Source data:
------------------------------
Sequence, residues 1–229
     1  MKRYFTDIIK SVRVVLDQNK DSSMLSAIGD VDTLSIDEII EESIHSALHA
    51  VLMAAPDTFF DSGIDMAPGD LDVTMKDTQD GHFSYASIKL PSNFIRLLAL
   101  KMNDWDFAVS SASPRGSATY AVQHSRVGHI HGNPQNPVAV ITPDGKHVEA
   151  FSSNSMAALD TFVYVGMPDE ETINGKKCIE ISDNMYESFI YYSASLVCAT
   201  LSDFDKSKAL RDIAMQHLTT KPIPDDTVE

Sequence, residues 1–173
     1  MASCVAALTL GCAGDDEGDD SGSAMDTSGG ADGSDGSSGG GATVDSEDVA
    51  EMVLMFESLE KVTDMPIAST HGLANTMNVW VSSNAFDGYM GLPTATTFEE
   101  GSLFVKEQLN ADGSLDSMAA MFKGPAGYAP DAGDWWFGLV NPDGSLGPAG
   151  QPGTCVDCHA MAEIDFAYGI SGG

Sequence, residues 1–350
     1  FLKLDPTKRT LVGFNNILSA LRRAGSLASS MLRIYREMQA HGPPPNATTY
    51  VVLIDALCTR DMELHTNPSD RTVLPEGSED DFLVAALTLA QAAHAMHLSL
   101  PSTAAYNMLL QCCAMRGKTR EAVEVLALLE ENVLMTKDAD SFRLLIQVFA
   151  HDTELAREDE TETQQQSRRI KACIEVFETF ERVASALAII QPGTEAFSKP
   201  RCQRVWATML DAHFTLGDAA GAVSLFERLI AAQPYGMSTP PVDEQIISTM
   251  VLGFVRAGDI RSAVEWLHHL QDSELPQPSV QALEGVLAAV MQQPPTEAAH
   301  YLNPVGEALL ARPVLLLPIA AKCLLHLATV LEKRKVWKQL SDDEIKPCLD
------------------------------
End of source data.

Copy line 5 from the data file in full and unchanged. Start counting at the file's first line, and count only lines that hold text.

   151  FSSNSMAALD TFVYVGMPDE ETINGKKCIE ISDNMYESFI YYSASLVCAT